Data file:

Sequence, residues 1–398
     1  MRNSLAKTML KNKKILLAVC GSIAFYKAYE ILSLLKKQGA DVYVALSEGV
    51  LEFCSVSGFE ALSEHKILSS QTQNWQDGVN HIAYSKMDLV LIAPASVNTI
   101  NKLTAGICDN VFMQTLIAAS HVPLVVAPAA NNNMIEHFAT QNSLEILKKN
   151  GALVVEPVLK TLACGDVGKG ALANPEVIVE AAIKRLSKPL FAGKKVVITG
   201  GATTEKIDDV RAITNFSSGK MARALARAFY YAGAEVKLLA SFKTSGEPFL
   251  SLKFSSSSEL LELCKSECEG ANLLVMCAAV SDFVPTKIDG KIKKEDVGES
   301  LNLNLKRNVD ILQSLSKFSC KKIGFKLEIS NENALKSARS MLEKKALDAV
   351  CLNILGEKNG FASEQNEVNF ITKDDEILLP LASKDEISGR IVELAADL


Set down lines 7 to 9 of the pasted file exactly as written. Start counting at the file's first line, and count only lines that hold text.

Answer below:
   251  SLKFSSSSEL LELCKSECEG ANLLVMCAAV SDFVPTKIDG KIKKEDVGES
   301  LNLNLKRNVD ILQSLSKFSC KKIGFKLEIS NENALKSARS MLEKKALDAV
   351  CLNILGEKNG FASEQNEVNF ITKDDEILLP LASKDEISGR IVELAADL